The Chair of WePROTECT Global Alliance’s Board, Ernie Allen, reflects on the recent and ongoing challenge of EU legislation restricting the use of online tools to detect and remove child sexual exploitation and abuse (CSEA) online. He explains how the Alliance has responded, providing a committed resource and mobilizing a collaborative effort across the membership to stand up for the rights and privacy of children and CSEA survivors and the tools needed to effectively tackle the problem.
A debate has been raging in Europe over what takes precedence: privacy or child protection. In September 2020 we were called by a member of the European Parliament who asked for help. The European Home Affairs Commissioner, Ylva Johansson of Sweden, had proposed a “temporary derogation,” an interim measure allowing the continuing use of technology tools to identify, report and remove child sexual exploitation and abuse (CSEA) from the internet on a voluntary basis while the EU negotiated a permanent solution. The Commission proposed a five-year window.
Child sexual exploitation and abuse online, through attempts to groom and coerce children online for the purpose of sexual abuse and through the production and distribution of child sexual abuse material (CSAM), is a major human rights issue globally.
In 2019, the :
Twenty years ago, online images were a problem; 10 years ago, an epidemic. Now, the crisis is at a breaking point.
These images record and memorialize the rape and sexual assault of children (many younger than 12 and often as young as a few months). Each image is a crime-scene photo and every time it is shared or downloaded a crime is committed and a child is re-victimized.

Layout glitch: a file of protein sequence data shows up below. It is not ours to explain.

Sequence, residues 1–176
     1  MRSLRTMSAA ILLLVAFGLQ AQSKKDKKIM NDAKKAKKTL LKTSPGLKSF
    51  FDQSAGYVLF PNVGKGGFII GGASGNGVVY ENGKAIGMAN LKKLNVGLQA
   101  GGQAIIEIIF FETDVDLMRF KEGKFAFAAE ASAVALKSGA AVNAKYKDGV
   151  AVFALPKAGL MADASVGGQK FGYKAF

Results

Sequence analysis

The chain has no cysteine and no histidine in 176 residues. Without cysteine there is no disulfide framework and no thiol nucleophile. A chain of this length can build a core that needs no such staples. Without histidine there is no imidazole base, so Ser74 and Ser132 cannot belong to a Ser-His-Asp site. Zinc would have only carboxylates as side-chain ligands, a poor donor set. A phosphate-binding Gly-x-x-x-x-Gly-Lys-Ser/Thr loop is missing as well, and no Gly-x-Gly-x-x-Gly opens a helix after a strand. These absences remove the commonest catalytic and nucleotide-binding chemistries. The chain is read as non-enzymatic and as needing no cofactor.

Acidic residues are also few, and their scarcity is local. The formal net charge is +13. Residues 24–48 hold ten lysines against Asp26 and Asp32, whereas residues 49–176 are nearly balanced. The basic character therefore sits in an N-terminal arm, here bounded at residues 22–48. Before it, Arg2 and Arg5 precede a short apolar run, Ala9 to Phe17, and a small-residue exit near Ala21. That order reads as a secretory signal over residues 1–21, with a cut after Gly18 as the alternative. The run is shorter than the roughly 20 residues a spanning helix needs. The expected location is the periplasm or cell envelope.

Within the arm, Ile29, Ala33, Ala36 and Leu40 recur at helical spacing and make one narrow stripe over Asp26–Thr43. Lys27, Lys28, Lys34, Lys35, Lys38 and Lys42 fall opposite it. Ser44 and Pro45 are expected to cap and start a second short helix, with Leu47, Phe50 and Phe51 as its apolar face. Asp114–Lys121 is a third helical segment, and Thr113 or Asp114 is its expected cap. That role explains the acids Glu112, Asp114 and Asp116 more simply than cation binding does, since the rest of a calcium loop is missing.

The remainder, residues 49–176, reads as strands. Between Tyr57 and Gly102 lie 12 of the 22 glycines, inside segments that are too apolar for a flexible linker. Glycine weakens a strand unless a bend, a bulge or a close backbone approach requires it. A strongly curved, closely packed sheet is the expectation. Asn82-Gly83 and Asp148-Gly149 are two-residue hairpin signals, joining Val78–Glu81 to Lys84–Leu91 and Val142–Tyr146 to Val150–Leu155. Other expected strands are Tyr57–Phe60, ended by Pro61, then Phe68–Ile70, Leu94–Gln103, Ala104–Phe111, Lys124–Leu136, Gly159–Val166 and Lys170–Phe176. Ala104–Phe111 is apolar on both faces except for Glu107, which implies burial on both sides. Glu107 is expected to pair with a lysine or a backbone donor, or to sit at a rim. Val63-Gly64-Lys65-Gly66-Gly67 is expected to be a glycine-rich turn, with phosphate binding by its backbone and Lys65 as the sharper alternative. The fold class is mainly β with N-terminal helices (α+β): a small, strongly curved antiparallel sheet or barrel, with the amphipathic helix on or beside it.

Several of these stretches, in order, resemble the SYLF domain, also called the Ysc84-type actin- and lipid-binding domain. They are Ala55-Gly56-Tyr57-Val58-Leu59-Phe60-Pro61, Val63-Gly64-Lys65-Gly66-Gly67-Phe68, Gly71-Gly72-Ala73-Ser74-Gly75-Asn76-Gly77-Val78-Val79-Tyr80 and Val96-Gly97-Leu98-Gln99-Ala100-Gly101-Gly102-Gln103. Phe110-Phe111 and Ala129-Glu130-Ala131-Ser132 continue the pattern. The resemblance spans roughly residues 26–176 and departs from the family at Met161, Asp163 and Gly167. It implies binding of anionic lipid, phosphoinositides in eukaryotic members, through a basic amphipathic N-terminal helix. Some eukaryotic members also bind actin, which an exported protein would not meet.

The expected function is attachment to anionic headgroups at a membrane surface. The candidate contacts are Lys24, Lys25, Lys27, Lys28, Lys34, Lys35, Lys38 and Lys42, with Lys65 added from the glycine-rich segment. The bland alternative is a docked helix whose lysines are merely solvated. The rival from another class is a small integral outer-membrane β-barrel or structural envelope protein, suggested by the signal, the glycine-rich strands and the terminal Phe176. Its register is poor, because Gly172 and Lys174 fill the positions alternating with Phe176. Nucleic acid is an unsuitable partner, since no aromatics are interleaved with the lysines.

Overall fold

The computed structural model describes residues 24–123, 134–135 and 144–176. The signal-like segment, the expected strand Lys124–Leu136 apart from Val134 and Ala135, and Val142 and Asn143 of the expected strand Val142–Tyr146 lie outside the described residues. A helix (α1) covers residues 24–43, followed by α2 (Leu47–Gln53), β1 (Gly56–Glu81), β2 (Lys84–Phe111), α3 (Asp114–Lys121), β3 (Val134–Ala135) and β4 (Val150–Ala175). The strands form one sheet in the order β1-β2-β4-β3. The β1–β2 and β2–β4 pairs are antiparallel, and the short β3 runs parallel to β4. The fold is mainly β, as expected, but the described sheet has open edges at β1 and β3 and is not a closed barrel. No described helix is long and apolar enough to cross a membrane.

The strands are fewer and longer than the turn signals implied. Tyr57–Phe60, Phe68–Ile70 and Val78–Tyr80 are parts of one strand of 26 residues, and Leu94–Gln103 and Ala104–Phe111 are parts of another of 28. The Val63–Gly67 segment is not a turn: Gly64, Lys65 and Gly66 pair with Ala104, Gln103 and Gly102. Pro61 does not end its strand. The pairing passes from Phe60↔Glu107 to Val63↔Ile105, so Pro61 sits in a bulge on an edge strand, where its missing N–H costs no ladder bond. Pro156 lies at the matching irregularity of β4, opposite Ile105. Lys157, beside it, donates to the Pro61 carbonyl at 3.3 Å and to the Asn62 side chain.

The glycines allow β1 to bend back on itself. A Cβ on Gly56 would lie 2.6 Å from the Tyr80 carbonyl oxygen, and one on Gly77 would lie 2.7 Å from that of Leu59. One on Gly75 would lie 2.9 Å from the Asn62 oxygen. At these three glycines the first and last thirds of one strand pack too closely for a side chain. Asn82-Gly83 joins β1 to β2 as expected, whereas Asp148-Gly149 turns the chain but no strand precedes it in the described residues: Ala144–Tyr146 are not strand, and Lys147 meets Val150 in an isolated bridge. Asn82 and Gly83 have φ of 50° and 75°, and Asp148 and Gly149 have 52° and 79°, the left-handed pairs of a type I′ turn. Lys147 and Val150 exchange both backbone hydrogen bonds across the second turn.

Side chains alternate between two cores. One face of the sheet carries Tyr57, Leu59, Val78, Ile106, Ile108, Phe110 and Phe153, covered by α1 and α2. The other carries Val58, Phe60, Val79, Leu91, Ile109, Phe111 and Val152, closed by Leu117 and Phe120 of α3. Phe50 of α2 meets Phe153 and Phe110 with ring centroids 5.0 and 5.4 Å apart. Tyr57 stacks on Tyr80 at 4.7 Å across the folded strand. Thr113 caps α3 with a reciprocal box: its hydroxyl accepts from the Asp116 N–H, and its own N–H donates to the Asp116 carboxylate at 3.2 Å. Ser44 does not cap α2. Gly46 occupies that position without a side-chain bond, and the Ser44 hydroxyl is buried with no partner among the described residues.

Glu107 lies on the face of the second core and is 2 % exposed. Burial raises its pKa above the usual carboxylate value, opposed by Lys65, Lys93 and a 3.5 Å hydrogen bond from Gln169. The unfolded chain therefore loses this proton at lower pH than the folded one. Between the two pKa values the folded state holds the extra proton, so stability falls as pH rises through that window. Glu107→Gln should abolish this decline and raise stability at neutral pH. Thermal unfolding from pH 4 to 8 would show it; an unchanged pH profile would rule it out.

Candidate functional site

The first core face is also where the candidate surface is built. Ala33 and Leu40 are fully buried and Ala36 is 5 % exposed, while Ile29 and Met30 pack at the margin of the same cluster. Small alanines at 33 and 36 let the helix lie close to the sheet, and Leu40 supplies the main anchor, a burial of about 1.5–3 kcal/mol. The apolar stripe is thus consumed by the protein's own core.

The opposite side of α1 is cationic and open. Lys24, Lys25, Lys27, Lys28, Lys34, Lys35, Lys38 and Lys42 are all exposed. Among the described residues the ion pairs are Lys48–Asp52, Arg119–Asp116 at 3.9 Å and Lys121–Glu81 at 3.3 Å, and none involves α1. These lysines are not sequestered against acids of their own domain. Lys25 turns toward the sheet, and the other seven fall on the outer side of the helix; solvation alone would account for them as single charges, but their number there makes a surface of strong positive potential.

Automated tools to fight the tsunami of CSAM online
In 2009 Microsoft launched photoDNA, a robust hashing technology to reliably identify and remove CSAM from online services. Robust image hashing algorithms extract a distinct digital signature from harmful or illegal content and then compare the signatures against content at the point of upload. Flagged content can be instantaneously removed and reported.
How PhotoDNA technology works
This technique is known in the tech industry as “hashing”.
There has been widespread global adoption of photoDNA with remarkable success, with other tools using similar technology and approaches being developed too. We now also have related technologies which can identify efforts to groom children for sexual purposes or live stream the abuse of children. These tools are crucial to our ability to disrupt and prevent the sexual abuse of children online, allowing law enforcement and child protection agencies to be proactive in protecting children, reducing harm, and stopping the creation of CSAM before it can be published and widely distributed online.
From identifying and reporting these images, strong child victim identification programs have been established. Child victims are being located and rescued. Perpetrators are being brought to justice. In 2020 with the advent of COVID-19, this crisis worsened. As a result, children are spending more time online than ever before and so are the people who seek to sexually groom, exploit and abuse them. We argued this was the worst possible time for Europe to eliminate the use of these vital technologies.
The effect of coordinated political pressure
The European Commission’s proposal had to be resolved by 21 December 2020, the date on which the new European Electronic Communication Code came into effect. Yet, the proposal for a “temporary derogation” was opposed by a coalition within the Parliament, arguing it violated the privacy rights of users. Working closely with our members in Europe and further afield, WePROTECT Global Alliance began an effort to make Members of the Parliament aware of the potential harms to children if they didn’t act. We participated in video calls with key leaders, mobilized our , contacted UN leaders, spoke to various bodies, and much more. We also engaged with privacy advocates, arguing that privacy and child protection are compatible and not mutually exclusive.